A school can't simply buy and install technology and think that it is going to make huge changes. As the article, Beyond Technology* [http://www.electronic-school.com/2000/03/0300f1.htm] ) mentions, there are a number of things that have to occur in addition to the buying and installing of technology. Of all the reasons the author listed, teacher training and motivation is one of the biggest problems. There are still a large amount of teachers who prefer to teach in a traditional method and are unwilling and uncomfortable moving to more of a constructivist methodology. The authors strategy's for implementing and using technology were great explanations as to how the transition can be smooth. One interesting strategy was:Strategy 3: Invest in staff growth. The most powerful strategies to promote staff enthusiasm and competence are informal. Instead of falling into what I call the "software trap," we should offer a rich menu of learning opportunities that match the diverse styles, interests, and skill levels of our teachers.If there is an adaptation to accommodate the differences among teachers and their teaching styles, then it would be so much easier to implement and use technology efficiently.
[http://www.electronic-school.com/199901/0199f4.html] Integrated technology does not exist in a void. Its power lies in the ability to identify supporting concepts. Here are six ideas supporting information literacy:
* Collaboration should be part of the learning process. Teaching interdependence is natural in the process of information literacy. Students as well as teachers must learn how to use technology as a tool for communication, creation, and collaboration. Learning as a team and how to work in partnerships are key.
* The teacher's role as guide is essential. Teachers must take on the roles of motivator, mentor, and co-learner if they want to produce information-literate students. Acting as a mentor is critical. (See telementoring at the National School Network Exchange site.)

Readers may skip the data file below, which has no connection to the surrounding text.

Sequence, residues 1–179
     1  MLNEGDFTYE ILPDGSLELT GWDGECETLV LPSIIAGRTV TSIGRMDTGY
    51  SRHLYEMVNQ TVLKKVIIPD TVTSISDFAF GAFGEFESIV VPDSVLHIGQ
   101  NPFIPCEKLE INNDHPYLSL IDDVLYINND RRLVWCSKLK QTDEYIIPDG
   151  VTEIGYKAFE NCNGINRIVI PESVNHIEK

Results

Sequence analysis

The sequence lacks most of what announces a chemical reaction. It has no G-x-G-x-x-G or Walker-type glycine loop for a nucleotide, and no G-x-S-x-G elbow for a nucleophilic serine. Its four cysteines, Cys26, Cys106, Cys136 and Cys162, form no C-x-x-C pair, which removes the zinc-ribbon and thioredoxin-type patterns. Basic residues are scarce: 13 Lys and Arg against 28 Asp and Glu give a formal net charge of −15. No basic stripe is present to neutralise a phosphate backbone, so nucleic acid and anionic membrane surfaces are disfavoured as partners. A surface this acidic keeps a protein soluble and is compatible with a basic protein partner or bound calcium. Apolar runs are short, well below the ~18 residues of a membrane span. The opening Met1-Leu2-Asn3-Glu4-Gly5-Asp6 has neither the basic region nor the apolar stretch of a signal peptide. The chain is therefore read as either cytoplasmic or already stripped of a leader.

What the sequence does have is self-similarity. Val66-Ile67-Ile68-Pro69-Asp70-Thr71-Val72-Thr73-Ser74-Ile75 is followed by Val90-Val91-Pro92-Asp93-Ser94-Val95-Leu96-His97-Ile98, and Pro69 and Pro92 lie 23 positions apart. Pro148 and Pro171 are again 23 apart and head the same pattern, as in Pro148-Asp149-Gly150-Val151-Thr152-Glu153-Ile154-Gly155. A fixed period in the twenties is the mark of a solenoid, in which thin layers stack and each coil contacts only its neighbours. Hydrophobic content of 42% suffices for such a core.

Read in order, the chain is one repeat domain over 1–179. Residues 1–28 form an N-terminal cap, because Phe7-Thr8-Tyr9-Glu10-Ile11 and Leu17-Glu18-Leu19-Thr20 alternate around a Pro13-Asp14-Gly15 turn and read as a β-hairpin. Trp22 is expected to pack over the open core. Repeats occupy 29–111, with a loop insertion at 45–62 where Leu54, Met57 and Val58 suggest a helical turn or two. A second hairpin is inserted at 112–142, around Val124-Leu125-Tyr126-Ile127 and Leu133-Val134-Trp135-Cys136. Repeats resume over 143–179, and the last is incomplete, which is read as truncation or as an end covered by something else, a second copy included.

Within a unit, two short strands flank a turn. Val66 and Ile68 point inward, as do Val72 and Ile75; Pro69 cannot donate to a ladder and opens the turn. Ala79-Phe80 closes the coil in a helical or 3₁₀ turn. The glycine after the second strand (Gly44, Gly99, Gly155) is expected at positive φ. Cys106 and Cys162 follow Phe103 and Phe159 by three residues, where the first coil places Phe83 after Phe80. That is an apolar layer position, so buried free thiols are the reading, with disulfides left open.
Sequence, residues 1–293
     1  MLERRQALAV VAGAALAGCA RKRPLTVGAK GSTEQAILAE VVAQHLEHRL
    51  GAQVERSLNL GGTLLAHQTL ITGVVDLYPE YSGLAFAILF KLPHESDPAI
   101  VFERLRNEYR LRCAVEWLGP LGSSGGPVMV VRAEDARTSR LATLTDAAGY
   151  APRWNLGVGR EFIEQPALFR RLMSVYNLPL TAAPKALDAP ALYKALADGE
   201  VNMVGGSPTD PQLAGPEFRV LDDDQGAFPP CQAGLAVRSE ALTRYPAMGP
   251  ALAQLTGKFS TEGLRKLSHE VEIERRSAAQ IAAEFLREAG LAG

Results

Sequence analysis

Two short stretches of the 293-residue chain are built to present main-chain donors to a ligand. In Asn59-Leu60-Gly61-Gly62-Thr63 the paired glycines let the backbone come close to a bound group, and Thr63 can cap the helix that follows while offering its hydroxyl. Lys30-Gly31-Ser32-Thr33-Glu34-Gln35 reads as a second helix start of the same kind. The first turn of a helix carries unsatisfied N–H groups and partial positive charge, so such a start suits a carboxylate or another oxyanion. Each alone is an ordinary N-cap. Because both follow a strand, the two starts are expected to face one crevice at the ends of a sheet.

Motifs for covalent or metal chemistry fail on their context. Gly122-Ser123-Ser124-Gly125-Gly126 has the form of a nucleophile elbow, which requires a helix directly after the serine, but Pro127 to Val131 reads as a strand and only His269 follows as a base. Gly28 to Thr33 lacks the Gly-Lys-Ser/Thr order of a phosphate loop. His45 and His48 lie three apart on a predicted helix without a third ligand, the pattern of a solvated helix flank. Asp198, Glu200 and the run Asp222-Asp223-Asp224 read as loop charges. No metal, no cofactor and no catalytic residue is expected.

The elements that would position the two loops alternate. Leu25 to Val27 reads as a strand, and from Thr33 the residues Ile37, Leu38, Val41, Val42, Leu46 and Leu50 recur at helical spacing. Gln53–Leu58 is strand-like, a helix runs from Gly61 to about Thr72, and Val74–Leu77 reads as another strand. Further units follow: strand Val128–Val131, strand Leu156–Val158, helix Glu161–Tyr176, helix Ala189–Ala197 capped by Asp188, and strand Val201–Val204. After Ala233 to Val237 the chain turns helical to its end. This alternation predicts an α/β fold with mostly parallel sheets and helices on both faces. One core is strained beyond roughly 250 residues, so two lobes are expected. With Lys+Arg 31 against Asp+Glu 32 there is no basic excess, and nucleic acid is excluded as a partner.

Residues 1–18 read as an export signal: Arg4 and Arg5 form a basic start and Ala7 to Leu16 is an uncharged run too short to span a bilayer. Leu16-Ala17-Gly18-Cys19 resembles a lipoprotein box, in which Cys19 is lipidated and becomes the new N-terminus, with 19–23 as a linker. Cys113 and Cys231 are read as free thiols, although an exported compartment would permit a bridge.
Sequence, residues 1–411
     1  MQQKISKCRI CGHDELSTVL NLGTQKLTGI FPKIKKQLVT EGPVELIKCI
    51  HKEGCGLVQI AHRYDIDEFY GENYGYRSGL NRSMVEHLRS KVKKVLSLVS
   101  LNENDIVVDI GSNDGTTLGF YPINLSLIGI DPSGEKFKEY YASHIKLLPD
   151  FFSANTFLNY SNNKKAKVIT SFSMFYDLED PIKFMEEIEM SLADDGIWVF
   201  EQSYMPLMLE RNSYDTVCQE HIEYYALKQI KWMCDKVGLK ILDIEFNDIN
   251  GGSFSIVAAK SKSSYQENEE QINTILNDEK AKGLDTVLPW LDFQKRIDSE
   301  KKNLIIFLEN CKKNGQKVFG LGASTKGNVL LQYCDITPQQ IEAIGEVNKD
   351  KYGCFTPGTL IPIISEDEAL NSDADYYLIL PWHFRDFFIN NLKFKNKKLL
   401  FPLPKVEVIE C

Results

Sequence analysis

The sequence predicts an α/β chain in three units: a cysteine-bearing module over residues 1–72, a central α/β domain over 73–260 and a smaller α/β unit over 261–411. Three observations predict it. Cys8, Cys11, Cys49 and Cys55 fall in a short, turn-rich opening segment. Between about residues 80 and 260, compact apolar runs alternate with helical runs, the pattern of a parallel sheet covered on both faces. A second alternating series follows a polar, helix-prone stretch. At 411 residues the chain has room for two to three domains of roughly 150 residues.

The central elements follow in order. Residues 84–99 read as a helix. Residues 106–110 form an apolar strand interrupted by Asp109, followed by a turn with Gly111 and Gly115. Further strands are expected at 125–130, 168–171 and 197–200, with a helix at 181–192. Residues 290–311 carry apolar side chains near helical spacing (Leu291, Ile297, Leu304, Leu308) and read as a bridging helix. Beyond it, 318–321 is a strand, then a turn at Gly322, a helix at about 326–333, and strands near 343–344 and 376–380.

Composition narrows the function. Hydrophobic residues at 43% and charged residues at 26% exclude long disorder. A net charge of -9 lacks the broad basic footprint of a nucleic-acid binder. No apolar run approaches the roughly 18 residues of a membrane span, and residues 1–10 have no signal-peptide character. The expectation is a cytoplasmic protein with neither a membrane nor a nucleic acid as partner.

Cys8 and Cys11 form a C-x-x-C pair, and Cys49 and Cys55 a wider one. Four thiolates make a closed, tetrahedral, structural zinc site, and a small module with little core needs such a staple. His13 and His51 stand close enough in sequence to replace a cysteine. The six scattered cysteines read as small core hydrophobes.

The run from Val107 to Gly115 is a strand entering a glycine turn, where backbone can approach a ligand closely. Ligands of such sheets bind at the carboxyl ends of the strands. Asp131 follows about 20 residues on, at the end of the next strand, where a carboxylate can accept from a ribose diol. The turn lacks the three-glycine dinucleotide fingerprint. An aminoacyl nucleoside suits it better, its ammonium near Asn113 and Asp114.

Ethicsplay a role in the development of information literacy. Students must understand the ethical issues raised by the use and misuse of the Internet. In addition to plagiarism, slander, and pornography, ethical issues include unlicensed copying of software (theft); flamingvia e-mail (poor netiquette); hacking into school records (unlawful entry); and creating viruses that corrupt files (destruction of property).
* Technology must become part of the
curriculum. Students must develop an understanding of how technology influences our lives. Much of the material included in courses on communication, transportation, or production (tech ed) can be useful to students in a college prep curriculum that has little or no reference to technology. Unfortunately, many schools see tech ed and tech prep as a separate curriculum to be kept strictly apart from the college prep curriculum.
* Students must learn communication skills, including presentation and motivation skills. They should be able to communicate with technological media -- text, graphics, video, and sound. They must learn how to arrange information and motivate learners with more than the written and spoken word. Understanding the motivation of providing and receiving information will be one of the great challenges of information literacy.
* Visual literacy is essential. This includes knowing how to create, organize, and display print, video, audio, and graphics. Learning how to use color, style, placement, and font size are important. Once they understand specific content, students must learn to articulate their knowledge both visually and verbally. -- G.B. and D.L.
Districts need to allocate all the funds necessary to successfully integrate technology. They need to take the initiative of training staff, focusing on how to bring information literacy skills and experiences into daily routines. Overall devoting more developmental time and attention to curriculum opportunities and teaching strategies.Here are ten effective strategies mentioned in the article [http://www.electronic-school.com/2000/03/0300f1.html Beyond Technology: Making a Difference in Student Performance]
*Put learning first
*Invest in staff growth
*Focus and Provide adequate resources
*use assessment to steer programs
*Shed the ineffectual
*Remember the lessons of the past
*Ask good questions
* [http://tpck.org/ Technological Pedagogical Content Knowledge (TPCK) Wiki]
* [http://www.edu-cyberpg.com/ Educational CyberPlayGround] Site of articles about teaching, including the use of technology
* [http://www.scott.k12.ky.us/technology/digitalstorytelling/ds.html digital storytelling]
* [http://www.west.asu.edu/achristie/tech_int/index.htm PowerPoint presentation] on technology integration.